The arm/leg assemblies went together very easily, using pocket hole joinery and exterior screws. The mounting of the Back was a little more of a challenge. Since The Back is the feature, I wanted to make it unique. I decided to go with a “floating” back – this was something I have never done before and I am very pleased with the end result. Since the Slab was still twisted and not, in any way, actually flat on either side, I would need to be creative in the way I chose to mount it. I decided to make some angled brackets and mount them to the back [of the back] and also under the seat. This allowed for the illusion of a “floating back”. It worked out pretty well, and when you look at the bench, you have to be looking for the brackets in order to see them (well, duh….). At first glance, you don’t see the brackets and it seems as though the back is floating.
For the brackets I used 1″ square tube, welded at an angle. Then I welded small pieces of 1″ flat bar so that the bracket could be mounted to the wood. My welding and metal working experience is limited (but getting better now) but the brackets are still holding now, after a few months….outside…
The Bench was assembled relatively easily. After assembly, I decided to finish it off with an exterior sealer. I wanted to preserve the character of the slab and other wood used, and I DO NOT like painting wood, especially a slab that I’ve spent over 12 hours sanding…. I looked at many options, but in the end landed on a very common finish. Well, common for decks that is. I have used exterior polyurethane on outdoor projects, only to find the finish is obliterated by the following year, and usually the wood below is damaged as well. I DO NOT want to see this thing destroyed by the elements. So I decided to go with Thompson’s Water Seal. It repels water wonderfully, and added a nice color to everything. I went with their Honey tone, which provided a nice golden touch. (much different than Honey Wood Stain from MinWax, which is a dark red/brown) And, since this bench is for our home, by our fire pit, almost overlooking the Honeybee Hives….I thought the Honey Seal would be a great match.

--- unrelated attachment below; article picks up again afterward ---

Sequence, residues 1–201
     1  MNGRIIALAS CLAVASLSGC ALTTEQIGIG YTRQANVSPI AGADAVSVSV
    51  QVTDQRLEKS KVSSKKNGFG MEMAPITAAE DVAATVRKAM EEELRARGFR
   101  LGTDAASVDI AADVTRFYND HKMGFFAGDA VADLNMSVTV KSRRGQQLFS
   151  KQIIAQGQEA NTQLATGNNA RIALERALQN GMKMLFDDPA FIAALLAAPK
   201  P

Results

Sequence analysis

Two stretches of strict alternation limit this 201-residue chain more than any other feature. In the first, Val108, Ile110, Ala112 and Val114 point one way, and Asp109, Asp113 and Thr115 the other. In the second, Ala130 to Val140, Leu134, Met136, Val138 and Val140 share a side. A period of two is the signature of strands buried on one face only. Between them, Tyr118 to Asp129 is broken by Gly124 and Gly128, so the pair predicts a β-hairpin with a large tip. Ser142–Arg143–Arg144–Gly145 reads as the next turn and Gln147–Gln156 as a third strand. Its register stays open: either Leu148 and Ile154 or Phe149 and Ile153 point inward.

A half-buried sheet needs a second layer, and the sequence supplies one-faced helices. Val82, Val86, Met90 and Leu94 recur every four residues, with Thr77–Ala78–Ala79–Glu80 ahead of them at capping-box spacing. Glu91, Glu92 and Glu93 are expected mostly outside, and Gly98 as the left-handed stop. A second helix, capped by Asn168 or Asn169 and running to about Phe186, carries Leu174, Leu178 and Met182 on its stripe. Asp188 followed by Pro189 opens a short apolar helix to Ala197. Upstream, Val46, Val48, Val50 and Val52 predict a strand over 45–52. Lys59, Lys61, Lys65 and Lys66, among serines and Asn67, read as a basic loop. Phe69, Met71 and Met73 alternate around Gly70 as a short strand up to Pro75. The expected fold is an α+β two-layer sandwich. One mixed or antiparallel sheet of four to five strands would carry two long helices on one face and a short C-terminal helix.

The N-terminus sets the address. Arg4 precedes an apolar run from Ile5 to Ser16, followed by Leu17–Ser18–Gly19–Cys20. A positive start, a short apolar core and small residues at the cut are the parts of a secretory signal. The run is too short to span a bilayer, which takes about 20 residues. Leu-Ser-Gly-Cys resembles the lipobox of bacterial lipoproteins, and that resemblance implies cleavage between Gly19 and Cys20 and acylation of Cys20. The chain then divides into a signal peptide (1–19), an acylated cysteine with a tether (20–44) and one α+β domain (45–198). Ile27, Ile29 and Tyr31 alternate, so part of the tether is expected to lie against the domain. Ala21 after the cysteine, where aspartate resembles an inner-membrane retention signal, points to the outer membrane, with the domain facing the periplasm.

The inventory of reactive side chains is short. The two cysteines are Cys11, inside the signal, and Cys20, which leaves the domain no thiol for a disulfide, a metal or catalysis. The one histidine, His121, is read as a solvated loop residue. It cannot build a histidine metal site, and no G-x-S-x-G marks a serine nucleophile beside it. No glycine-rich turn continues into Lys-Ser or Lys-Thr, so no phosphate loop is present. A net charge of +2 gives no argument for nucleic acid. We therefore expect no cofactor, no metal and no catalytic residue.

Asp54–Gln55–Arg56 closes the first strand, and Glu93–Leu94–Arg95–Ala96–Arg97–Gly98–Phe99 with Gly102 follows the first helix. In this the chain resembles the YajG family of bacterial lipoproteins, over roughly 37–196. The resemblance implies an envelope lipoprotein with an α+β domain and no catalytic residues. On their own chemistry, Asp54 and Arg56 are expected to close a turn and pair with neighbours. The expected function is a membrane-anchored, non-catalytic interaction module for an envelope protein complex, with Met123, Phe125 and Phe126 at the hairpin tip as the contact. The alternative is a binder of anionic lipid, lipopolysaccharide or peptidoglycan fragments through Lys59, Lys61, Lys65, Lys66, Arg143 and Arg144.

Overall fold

Overall, I am very pleased with this exploration into Slab Furniture and I definitely love the bench. We have had gatherings since its inauguration, and it has been an extremely comfortable conversation piece. As a statement of its size and strength – it has help 3 adults and a kid with room to spare. After completing this project, and enjoying every night we have a fire – I definitely have the bug and will be making A LOT of Slab Furniture in the future.
Actually, a few weeks ago I decided to play with another slab I have. This one is Maple and I absolutely love the figure and character it contains. It features some Crotch Figure and feathering along with bark inclusions and the full Live Edge. I started power carving this down a bit, and got a little carried away. I actually went through all of the steps including finish sanding. I couldn’t wait to see how it would look with a finish, so I added a finish as well. I used Tung Oil and it looks awesome. What do you think???
I will certainly be going into more detail regarding this Maple Slab when I return to it and finish the project. It will become a side table for our house and I can’t wait to see it completed. However, the customers come first. So, until next time….